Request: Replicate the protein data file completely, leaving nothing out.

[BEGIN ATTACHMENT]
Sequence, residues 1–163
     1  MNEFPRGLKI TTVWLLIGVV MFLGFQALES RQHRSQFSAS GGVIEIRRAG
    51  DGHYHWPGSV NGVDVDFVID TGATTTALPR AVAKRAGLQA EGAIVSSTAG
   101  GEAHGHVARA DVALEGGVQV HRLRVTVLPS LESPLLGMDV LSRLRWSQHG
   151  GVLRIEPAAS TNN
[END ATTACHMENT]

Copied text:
Sequence, residues 1–163
     1  MNEFPRGLKI TTVWLLIGVV MFLGFQALES RQHRSQFSAS GGVIEIRRAG
    51  DGHYHWPGSV NGVDVDFVID TGATTTALPR AVAKRAGLQA EGAIVSSTAG
   101  GEAHGHVARA DVALEGGVQV HRLRVTVLPS LESPLLGMDV LSRLRWSQHG
   151  GVLRIEPAAS TNN